Friday, May 26, 2017

Painting and basing my Red Dragon Gaming walls

Follow up on the article on the Red Dragon Gaming walls I got.

I missed some pictures along the way, but those steps are easy to imagine...


I started by washing them in the sink with detergent.

As the walls have inbuilt bases that I figured big enough for my purpose, I decided not to base them.

Next step - spraying black with a cheap primer (from Biltema for my fellow Swedes)

After drying outside over night, I checked the priming and did some extra touches on missed spots with Vallejo paint-on black primer. At this stage I noticed that there are some real deep holes in the walls - it seems that the masters were built by glueing together some stones and a mould made of that. Not a problem for me (I want these for Dark Ages and Dux Gondorum), but could be that they're less relevant in a more "ordered" environment. This was also something that my friend Laffe commented on.

Next step: drybrushing the walls in shades of grey (definitely not 50!!). I used a white acrylic craft paint for this, mixed with some Vallejo black primer (as I'd run out of black craft paint and I have literally half a liter of primer).

I did three drybrushing layers, adding more and more white for each layer.

After that I painted the ground dark brown with an acrylic paint for the same range, and then drybrushed that, by adding more and more sand colour to the brown. Again, I used three layers.

After drying, I mixed up a wash consisting of 50% Futur Pledge (product to clean/treat stone floors, which acts as a protective layer as well as good basis for a wash. It is slightly shiny, so requires a matt varnish afterwards), 40% Army Painter Dark Tone ink and 10% Strong tone (to give it a more earthy appearance). I generously slathered the walls and the ground with this, this brings them "together" I feel. I missed taking a picture after this.

Next came a final drybrush - Vallejo model Off-White on the walls and Pale Sand on the ground. No picture here either, I was cracking on at this stage.

I then started to add flock and grass. I didn't take pictures after each step though, but here's what I did:
  • First I added some Gamers Grass spring tufts to the ground, some smaller regular ones and medium irregular ones, both 4mm. At the same time I put on some spring flowers (white and yellow), I think from Mininatur, that I got off Bad Squiddo Annie, although she no longer seems to carry them).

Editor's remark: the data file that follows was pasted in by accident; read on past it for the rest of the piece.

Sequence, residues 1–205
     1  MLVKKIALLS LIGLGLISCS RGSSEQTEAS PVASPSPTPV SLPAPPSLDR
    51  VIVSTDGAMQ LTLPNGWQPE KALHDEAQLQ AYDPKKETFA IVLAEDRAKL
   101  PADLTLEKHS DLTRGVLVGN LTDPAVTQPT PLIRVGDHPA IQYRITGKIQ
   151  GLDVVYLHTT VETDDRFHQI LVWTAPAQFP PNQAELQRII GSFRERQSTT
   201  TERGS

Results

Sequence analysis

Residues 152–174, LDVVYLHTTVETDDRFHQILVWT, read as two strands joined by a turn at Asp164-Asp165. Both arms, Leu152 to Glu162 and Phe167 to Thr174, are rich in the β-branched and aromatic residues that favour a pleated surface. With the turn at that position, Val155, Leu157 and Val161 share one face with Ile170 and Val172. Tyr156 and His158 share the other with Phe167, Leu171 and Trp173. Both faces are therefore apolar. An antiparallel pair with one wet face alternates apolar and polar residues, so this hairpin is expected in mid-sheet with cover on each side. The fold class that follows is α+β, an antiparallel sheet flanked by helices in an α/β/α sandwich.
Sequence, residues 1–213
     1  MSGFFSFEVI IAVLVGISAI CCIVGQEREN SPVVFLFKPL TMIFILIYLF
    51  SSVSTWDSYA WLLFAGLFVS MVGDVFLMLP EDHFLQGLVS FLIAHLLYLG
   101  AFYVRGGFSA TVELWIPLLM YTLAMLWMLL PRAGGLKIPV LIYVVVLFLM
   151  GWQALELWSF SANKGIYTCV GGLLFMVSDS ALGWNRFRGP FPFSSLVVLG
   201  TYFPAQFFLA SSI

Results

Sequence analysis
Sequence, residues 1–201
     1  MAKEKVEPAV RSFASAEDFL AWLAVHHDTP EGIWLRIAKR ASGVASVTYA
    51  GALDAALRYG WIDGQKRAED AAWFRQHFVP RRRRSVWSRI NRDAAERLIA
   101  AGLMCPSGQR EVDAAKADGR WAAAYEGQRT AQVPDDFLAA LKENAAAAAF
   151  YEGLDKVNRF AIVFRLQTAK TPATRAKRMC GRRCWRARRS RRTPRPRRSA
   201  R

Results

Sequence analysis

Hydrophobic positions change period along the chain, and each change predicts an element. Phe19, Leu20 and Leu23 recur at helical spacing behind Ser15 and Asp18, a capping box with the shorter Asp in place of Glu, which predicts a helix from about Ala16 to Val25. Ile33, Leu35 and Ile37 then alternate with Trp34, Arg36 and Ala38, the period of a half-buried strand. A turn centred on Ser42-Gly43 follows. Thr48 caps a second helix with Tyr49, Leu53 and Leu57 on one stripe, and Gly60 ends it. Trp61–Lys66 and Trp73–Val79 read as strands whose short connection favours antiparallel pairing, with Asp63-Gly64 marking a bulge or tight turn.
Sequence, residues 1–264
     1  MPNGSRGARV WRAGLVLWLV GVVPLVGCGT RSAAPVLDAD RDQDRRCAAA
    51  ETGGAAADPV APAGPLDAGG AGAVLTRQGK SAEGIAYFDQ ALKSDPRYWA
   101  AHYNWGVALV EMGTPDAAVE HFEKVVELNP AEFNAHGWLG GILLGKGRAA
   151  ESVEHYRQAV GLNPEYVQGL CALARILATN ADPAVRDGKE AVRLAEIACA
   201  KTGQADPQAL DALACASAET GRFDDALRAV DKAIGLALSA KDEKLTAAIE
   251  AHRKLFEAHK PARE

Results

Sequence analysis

• Then I added some Army Painter small green tufts in some of the cracks in the walls, to represent weeds popping up in an untended stone wall.
  • Next was some fine Ziterdes light green flock, added to some other recesses in the walls, to represent moss and other weeds.
  • Next came some light green static grass (I think from Ziterdes as well) to ground next to the walls (in some places only to create an irregular effect)
  • Finally I added some Woodland Scenics fine-leaf foliage branches to the deeper recesses in the walls (the ones I commented on earlier, they came in handy for this step, or better, seeing them gave me the idea to do this), to represent some brushes and smaller trees growing out of these walls. I reinforces the untended appearance.

This give this endresult (before applying a matt varnish spray.





In the end I spent quite some time painting and basing these, but I'm very happy with the end result. From a modest investment of £16 and a couple of hours of work, this is a nice result.

Note that there is one piece that I have not painted, another "entryway", similar to the piece front left. I'm not sure I'm going to use that as is, or convert that into another piece of broken down wall (there is one piece of broken down wall - the middle one of the 5 long straight ones.



3 comments:

Ray Rousell said...

Very nice!

Leif Eriksson said...

Well, job's a good one!
Nice work!

Koen De Smedt said...

Cheers guys ;)